In March 1947 a unit of about 70 people set off for the main location near Beaudesert. Filming coincided with near-constant rain – the first three months of shooting saw only three weeks of weather suitable for filming. Locations sometimes had to be reached by pack horse and foot. A second unit under Carl Kayser was brought out to location to assist production.
After six months on location, the unit moved to the studios of Cinesound Productions in Bondi. They filmed there for two months then returned to Queensland for a further five months. In March 1948 they returned to the Bondi studio and reshot several scenes. Shooting took eighteen months in total. Charles Chauvel then shot an alternative ending in the Blue Mountains. This ending was eventually discarded.
While Chauvel was filming in Sydney, his home was robbed.
The movie had cost so much money it needed to be successful in Australia and overseas. The film was very popular at the local box office being seen by an estimated 750,000 Australians.
The movie was cut for overseas release, with narration added and thirty minutes removed, including a scene where Wendy Gibb bathes nude.
However, after a slow start the film took off commercially in the UK, helped by a competition with a prize of a trip to Australia, which over half a million people entered. Eventually the movie made a small profit. Overseas reviews were mixed.
Ken G. Hall later blamed the difficulties involved in making this film on scaring off Norman Rydge from investing in feature film production, contributing to Hall's failure to make another feature after 1946.
- Andrew Pike and Ross Cooper, Australian Film 1900–1977: A Guide to Feature Film Production, Melbourne: Oxford University Press, 1998, 209.
- "Australian – and proud of it". The Argus. Melbourne. 19 May 1950. p. 9. Retrieved 4 August 2012 – via National Library of Australia.
- "The Research Bureau Holds an Autopsy". Sunday Mail. Brisbane. 17 February 1952. p. 11. Retrieved 28 April 2013 – via National Library of Australia.
- Australian screen; curator's notes by Paul Byrnes
- Vagg, Stephen (24 July 2019). "50 Meat Pie Westerns". Filmink.
- "Sydney Actress for Sons of Matthew Film". The Sydney Morning Herald. 5 February 1947. p. 4. Retrieved 22 August 2012 – via National Library of Australia.
- "Chauvel Plans Queensland Film". The Courier-Mail. Brisbane. 9 November 1944. p. 2. Retrieved 22 August 2012 – via National Library of Australia.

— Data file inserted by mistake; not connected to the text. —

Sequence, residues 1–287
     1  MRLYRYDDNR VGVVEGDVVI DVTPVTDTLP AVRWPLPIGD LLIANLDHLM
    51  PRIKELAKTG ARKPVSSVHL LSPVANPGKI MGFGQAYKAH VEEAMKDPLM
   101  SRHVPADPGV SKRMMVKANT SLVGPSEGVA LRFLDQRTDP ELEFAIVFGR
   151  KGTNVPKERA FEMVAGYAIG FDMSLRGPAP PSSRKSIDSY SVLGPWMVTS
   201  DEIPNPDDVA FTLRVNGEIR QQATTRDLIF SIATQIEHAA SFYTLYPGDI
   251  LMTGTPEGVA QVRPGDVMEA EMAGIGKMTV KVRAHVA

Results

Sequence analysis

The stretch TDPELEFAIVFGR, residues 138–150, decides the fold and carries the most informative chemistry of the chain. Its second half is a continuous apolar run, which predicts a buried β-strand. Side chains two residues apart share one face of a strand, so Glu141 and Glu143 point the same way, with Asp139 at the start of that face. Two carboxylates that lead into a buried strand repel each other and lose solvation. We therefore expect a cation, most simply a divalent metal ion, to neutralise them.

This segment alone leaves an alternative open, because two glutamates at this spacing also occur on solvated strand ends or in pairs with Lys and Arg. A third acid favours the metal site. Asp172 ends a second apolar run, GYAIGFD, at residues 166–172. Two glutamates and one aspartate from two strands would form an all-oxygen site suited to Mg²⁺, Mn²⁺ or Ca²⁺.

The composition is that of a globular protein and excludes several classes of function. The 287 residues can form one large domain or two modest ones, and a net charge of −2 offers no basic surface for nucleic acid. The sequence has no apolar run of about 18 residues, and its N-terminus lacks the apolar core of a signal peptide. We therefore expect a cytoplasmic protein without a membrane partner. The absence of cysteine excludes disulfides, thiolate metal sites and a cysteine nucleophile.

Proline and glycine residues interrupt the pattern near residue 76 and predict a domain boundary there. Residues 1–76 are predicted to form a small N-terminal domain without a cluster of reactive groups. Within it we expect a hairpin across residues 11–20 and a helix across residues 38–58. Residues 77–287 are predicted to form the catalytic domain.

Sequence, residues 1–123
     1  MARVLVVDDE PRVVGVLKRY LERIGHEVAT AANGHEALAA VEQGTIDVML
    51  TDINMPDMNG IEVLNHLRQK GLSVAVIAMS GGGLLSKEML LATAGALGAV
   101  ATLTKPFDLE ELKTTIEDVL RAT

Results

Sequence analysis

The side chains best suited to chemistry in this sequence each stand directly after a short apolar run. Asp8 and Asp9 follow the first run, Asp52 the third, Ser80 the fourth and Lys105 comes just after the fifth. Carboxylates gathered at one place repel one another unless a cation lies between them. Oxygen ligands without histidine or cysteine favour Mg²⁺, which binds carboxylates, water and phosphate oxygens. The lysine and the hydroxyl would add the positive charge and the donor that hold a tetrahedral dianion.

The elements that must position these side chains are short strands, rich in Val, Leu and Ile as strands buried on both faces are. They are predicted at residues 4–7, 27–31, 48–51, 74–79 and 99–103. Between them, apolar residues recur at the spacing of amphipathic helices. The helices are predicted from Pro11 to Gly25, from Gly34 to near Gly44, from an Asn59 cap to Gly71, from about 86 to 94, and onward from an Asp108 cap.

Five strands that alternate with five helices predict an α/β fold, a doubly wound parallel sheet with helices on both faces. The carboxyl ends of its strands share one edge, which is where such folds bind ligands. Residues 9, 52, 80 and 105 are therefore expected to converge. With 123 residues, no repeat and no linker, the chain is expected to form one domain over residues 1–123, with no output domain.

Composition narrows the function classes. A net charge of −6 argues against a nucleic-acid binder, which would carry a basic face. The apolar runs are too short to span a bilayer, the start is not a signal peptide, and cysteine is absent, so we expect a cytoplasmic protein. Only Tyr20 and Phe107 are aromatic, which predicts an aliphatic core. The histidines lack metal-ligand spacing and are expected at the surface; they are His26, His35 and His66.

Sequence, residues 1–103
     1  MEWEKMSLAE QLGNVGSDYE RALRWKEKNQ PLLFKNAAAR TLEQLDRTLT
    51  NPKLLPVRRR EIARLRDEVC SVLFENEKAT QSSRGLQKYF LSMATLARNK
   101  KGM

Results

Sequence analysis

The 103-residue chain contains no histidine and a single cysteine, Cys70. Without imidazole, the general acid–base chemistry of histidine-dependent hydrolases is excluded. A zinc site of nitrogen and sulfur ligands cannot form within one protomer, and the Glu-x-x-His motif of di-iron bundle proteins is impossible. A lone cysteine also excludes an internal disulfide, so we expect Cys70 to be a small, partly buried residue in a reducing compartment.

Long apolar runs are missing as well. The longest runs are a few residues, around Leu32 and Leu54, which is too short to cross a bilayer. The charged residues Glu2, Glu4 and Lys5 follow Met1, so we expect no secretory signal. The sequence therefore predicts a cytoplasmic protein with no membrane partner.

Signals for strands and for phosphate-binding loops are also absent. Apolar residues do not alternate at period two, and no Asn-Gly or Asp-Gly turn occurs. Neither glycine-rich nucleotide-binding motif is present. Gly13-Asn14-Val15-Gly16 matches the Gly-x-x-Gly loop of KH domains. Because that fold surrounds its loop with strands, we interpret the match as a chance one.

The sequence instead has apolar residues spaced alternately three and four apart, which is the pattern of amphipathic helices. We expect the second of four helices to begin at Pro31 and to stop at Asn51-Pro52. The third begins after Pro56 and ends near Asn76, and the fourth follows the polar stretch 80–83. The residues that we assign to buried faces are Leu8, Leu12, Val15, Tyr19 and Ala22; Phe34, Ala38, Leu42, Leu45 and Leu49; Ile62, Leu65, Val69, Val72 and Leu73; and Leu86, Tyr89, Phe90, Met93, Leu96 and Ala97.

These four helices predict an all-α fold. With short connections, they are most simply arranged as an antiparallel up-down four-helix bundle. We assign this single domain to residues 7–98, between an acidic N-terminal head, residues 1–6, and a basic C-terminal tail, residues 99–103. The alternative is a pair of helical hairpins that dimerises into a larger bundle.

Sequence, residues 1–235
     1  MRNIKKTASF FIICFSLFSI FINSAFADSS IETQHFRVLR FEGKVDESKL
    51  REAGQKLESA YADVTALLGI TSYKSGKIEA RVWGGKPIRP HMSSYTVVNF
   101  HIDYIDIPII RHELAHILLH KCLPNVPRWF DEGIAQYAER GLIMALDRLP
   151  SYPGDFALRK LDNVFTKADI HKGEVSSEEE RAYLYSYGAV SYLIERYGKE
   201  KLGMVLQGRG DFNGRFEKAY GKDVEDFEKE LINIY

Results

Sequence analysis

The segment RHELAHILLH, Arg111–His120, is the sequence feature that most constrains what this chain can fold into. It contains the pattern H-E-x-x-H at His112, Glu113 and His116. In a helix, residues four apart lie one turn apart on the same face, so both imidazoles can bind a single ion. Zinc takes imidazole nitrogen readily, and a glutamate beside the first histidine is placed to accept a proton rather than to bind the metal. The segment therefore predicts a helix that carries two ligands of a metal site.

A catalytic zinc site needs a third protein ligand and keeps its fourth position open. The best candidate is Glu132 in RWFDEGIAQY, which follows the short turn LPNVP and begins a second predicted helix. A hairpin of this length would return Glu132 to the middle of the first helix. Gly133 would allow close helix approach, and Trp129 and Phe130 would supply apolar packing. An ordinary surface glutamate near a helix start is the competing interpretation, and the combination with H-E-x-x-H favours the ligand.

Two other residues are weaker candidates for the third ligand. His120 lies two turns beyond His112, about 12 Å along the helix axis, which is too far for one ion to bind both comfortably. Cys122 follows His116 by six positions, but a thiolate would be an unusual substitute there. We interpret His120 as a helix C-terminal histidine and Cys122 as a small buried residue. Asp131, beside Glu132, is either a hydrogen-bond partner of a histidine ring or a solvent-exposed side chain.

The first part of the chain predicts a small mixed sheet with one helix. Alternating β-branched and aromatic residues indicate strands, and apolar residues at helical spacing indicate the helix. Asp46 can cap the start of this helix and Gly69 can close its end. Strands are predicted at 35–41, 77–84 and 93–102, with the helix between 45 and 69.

- "Questions". The Mail. Adelaide. 28 April 1945. p. 8. Retrieved 22 August 2012 – via National Library of Australia.
- "Chauvel Making New Film". The Sydney Morning Herald. 5 February 1946. p. 5. Retrieved 19 August 2012 – via National Library of Australia.
- "Australian's Books for Feature Film". The Sydney Morning Herald. 16 October 1946. p. 3. Retrieved 22 August 2012 – via National Library of Australia.
- "Film's Nude Girl Fails to Shock". The Sydney Morning Herald. 17 November 1949. p. 7. Retrieved 22 August 2012 – via National Library of Australia.
- "Boys Play Fair at Film Test". The Sydney Morning Herald. 5 February 1947. p. 4 Supplement: Playtime. Retrieved 22 August 2012 – via National Library of Australia.
- "Boxer Released for Film". The Sydney Morning Herald. 14 February 1947. p. 10. Retrieved 22 August 2012 – via National Library of Australia.
- "Australian Film News... Sons of Matthew on Location". The Sydney Morning Herald. 10 April 1947. p. 10. Retrieved 22 August 2012 – via National Library of Australia.
- Paul Byrne, "Curators Notes on Sons of Matthew", Australian Screen Online
- "Film Man's Loss". The Sydney Morning Herald. 5 February 1949. p. 1. Retrieved 22 August 2012 – via National Library of Australia.
- "U.S. Cuts in Film". The West Australian. Perth. 10 November 1949. p. 4. Retrieved 22 August 2012 – via National Library of Australia.
- "Australian Film Fails in U.S." The Mercury. Hobart, Tasmania. 16 January 1950. p. 4. Retrieved 22 August 2012 – via National Library of Australia.
- "U.S. Reception of Australian Film". The Sydney Morning Herald. 7 January 1950. p. 3. Retrieved 22 August 2012 – via National Library of Australia.
- "The Screen in Review: Dream No More, Story about Israel in Documentary-Type Picture, of Ambassador at the Park Avenue at the Palace" by Bosley Crowther, The New York Times, 6 January 1950: 25.
- "Gossip From The Studios". The Sydney Morning Herald. 30 November 1950. p. 17. Retrieved 22 August 2012 – via National Library of Australia.
- "What London Says of Matthew". The Sydney Morning Herald. 28 January 1950. p. 3. Retrieved 22 August 2012 – via National Library of Australia.
- "Screen k.o. for Burns". The Argus. Melbourne. 6 July 1950. p. 3. Retrieved 22 August 2012 – via National Library of Australia.
- "Wendy was so shy". The Argus. Melbourne. 20 March 1951. p. 10. Retrieved 22 August 2012 – via National Library of Australia.
- Murray, Scott, ed. (1994). Australian Cinema. St. Leonards, New South Wales: Allen & Unwin/AFC. pp. 30, 295. ISBN 1-86373-311-6.